In May we told you about the arrest of CT Post reporter Tara O’Neill, who was taken into custody while covering a protest despite identifying herself as a reporter.
Brian Lockhart has written about the timing of the apology and its possible intersection with the Bridgeport mayoral election. The story is behind Hearst’s “CT Insider” paywall so we’re publishing it for you. You’re welcome.
BRIDGEPORT — Five months after his officers detained a Hearst Connecticut Media reporter covering a May 9 protest, Police Chief Armando Perez issued a written explanation and apology.
“We appreciate the press and believe in First Amendment rights. Those rights are sacred and fundamental to our society and we need to make sure we respect them by our actions,” Perez wrote Matt DeRienzo, Hearst Connecticut’s Vice President of News and Digital Content, in a letter released Tuesday. “We have every intention to do our best to accommodate your employees whenever we are able.”
Reporter Tara O’Neill was covering a rally marking the second anniversary of the shooting death of Jayson Negron, 15, by a rookie officer when she and 11 protesters were handcuffed and transported to the police department.
O’Neill identified herself as a news reporter before she was taken into custody and was later released without any charges.
The city this week released body camera footage from Sgt. Sean Lynch — who arrested O’Neill. The video shows the moment of the arrest, but has no audio.
But on the body camera footage of Officer Ashley Taylor, who was nearby at the time, O’Neill can be heard identifying herself as a member of the press and saying that she’s on a public sidewalk.
DeRienzo shortly after O’Neill’s arrest wrote Perez and the chief’s boss and close friend, Mayor Joe Ganim, for an explanation. Perez had said he would respond after consulting with the City Attorney’s office, and a few months ago told DeRienzo a letter was coming.
Perez in Tuesday’s undated letter wrote, “In the confusion of clearing the areas — regretfully — an officer did not realize that Ms. O’Neill was identifying herself as a reporter and was wearing identification.”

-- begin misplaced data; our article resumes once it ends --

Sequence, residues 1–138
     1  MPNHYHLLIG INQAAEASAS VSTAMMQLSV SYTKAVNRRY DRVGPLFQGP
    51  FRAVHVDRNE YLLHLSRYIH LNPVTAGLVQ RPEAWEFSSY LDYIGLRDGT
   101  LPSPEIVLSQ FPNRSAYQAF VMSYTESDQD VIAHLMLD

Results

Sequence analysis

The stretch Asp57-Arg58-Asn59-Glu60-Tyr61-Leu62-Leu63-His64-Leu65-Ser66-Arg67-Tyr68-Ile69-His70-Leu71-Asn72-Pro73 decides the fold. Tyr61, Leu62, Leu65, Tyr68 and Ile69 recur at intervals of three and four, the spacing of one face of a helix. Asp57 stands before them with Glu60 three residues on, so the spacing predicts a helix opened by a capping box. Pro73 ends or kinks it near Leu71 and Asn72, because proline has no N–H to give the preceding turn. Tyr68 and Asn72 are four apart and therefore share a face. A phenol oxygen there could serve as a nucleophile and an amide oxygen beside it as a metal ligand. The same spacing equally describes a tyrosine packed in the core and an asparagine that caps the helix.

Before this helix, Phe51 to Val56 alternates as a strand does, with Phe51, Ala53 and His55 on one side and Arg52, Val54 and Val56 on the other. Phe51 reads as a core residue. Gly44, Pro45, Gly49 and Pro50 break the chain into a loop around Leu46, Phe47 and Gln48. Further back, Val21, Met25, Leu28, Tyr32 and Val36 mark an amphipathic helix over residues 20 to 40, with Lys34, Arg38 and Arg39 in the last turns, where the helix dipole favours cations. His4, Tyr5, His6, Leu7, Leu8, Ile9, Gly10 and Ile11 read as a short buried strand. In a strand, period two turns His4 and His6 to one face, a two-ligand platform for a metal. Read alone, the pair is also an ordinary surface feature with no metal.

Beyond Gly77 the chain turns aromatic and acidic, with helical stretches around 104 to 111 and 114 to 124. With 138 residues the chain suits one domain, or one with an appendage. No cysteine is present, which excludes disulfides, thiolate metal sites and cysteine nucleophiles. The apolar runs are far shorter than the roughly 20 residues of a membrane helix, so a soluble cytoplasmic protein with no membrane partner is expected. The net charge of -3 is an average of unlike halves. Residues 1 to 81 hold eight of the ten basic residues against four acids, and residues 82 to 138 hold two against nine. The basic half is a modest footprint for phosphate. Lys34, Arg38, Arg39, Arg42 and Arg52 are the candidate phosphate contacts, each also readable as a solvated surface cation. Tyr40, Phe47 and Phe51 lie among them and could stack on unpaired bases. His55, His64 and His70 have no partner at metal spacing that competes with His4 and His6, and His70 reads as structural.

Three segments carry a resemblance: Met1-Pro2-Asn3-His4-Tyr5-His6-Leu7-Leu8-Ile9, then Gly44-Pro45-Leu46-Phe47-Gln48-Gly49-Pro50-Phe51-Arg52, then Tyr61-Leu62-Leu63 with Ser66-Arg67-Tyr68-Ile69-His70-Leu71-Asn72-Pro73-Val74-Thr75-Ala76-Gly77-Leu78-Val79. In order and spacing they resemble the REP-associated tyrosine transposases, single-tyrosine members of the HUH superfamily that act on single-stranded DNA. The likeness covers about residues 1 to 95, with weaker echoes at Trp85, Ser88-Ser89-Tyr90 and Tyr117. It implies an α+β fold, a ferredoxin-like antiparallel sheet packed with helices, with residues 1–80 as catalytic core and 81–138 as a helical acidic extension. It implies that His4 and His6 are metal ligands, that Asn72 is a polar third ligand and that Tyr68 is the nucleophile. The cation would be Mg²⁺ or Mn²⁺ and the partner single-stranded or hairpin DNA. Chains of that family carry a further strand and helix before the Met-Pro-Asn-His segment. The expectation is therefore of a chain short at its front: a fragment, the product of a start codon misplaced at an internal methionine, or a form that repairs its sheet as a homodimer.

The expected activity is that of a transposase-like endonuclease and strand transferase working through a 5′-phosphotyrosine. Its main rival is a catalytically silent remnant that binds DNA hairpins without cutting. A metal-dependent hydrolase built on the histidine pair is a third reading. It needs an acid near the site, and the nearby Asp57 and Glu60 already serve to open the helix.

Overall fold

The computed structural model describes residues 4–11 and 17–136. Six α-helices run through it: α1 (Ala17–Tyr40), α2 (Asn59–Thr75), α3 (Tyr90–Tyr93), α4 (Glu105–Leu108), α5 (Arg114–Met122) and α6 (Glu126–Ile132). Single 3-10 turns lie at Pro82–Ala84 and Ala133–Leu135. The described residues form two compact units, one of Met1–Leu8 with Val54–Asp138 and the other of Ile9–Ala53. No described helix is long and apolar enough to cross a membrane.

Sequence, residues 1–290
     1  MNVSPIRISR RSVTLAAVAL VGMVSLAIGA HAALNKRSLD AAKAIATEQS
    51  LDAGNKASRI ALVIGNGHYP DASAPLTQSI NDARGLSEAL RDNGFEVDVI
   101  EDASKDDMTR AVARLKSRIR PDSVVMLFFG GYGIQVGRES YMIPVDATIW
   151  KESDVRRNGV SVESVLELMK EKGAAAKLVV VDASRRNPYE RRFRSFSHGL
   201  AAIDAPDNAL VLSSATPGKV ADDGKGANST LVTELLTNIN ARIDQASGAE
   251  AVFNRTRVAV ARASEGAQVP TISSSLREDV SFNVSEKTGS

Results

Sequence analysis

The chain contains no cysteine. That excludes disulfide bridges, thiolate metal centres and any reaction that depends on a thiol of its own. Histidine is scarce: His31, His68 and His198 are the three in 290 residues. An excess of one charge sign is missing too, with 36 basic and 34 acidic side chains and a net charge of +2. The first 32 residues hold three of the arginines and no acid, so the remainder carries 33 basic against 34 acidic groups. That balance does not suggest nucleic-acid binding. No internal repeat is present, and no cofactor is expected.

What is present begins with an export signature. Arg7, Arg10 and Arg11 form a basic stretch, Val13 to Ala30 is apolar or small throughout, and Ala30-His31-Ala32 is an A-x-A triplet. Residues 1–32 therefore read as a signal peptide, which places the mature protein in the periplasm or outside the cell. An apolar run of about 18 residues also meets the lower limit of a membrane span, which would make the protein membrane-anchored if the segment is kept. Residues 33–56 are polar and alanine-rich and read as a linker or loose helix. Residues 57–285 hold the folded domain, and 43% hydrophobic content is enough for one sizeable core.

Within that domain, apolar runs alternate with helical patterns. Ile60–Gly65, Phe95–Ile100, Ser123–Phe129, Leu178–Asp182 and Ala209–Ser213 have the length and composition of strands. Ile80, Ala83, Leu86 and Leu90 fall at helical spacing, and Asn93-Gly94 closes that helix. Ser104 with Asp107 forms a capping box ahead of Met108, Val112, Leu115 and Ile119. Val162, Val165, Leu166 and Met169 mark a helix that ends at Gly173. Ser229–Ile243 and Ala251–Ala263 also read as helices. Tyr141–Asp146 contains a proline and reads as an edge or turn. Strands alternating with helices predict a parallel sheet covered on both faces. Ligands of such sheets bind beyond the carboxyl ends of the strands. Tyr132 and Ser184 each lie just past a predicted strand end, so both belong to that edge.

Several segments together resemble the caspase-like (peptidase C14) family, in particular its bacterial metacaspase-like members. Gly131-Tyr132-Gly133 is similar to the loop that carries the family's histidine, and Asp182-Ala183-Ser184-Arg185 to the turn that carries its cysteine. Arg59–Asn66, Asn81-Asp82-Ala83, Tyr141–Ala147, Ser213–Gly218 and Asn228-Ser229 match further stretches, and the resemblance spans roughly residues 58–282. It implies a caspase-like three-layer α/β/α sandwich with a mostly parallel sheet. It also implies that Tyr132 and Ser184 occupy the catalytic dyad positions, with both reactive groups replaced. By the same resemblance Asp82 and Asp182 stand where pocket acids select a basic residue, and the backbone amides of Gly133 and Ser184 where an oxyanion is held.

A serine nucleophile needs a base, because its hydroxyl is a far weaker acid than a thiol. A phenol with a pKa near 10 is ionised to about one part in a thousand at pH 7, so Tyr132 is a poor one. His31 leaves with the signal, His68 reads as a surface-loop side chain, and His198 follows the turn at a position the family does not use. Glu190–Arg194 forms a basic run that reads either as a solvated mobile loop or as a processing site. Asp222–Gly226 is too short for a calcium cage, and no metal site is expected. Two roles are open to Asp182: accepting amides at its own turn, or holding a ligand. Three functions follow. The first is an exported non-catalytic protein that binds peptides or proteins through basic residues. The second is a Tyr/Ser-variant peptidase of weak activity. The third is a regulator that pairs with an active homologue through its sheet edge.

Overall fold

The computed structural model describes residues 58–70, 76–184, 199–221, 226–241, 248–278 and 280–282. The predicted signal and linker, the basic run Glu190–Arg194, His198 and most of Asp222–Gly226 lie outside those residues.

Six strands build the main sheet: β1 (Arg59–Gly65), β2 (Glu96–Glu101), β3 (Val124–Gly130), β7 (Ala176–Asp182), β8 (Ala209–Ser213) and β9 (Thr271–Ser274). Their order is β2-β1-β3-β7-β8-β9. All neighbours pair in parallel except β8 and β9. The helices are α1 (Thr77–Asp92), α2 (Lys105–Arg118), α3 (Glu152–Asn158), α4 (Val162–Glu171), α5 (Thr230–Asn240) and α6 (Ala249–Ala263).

“We regret her detainment and apologize for such,” Perez wrote. “In detaining her, it was never our intention to in any way restrain Ms. O’Neill from doing her job, or to prevent her from covering subsequent actions of the police department. Her detention was a mistake made during a commotion at a highly volatile time. … It was completely unintentional, during an extremely contentious, confusing, confrontation when not all persons were acting with good intentions.”
DeRienzo in a statement said O’Neill should have been recognized by department staff and “clearly and repeatedly identified herself as a member of the press.” He also questioned whether O’Neill’s arrest had more to do with “intimidation of a free press and retaliation against a journalist and news outlet” that has been covering problems within the troubled Bridgeport police department.
“The timing of this explanation and the release of documents and video that by law are public information is suspect,” DeRienzo concluded. “It comes after months of delay, and only after a contentious election in which police misconduct was a significant issue.”
DeRienzo was not the only one who spoke out after O’Neill’s arrest. The New England First Amendment Coalition also sent a letter to the chief, but the group’s executive director Justin Silverman said Tuesday they have yet to get a response.
“While an apology is certainly welcome, more important are specific plans to protect press freedoms in the future,” Silverman said. “This letter describes none. The First Amendment doesn’t settle for occasional accommodations. It’s the law — perhaps the most important of them all — and should always be followed. Bridgeport residents and the journalists covering their community deserve to know what, if anything, the department is doing to prevent such a mistake from occurring again.”
The 11 protesters arrested that night were all charged with inciting a riot, interfering with police and second-degree breach of peace. The case went to trial over the summer and was dismissed Oct. 4.
Perez’s letter was released after Hearst Connecticut in a newspaper article last weekend raised questions about the Ganim administration’s failure to respond to repeated requests for controversial police information. Those requests include Internal Affairs reports about the Negron shooting and other incidents, and uniform and cruiser dashboard camera footage of the May 9 incident, including of the treatment of O’Neill.
Ganim, who is seeking re-election, recently faced off in a Sept. 10 primary with fellow Democrat state Senator Marilyn Moore, who had called on the mayor to fire Perez. Ganim defeated Moore, but she is running in November’s general election as a write-in candidate.
O’Neill’s arrest received a lot of out-of-town media coverage and criticism, creating more bad election-year publicity for Ganim, Perez and the police force. The department has been buffeted over the past few years by internal strife, accusations of racism, and probes into the conduct of various officers.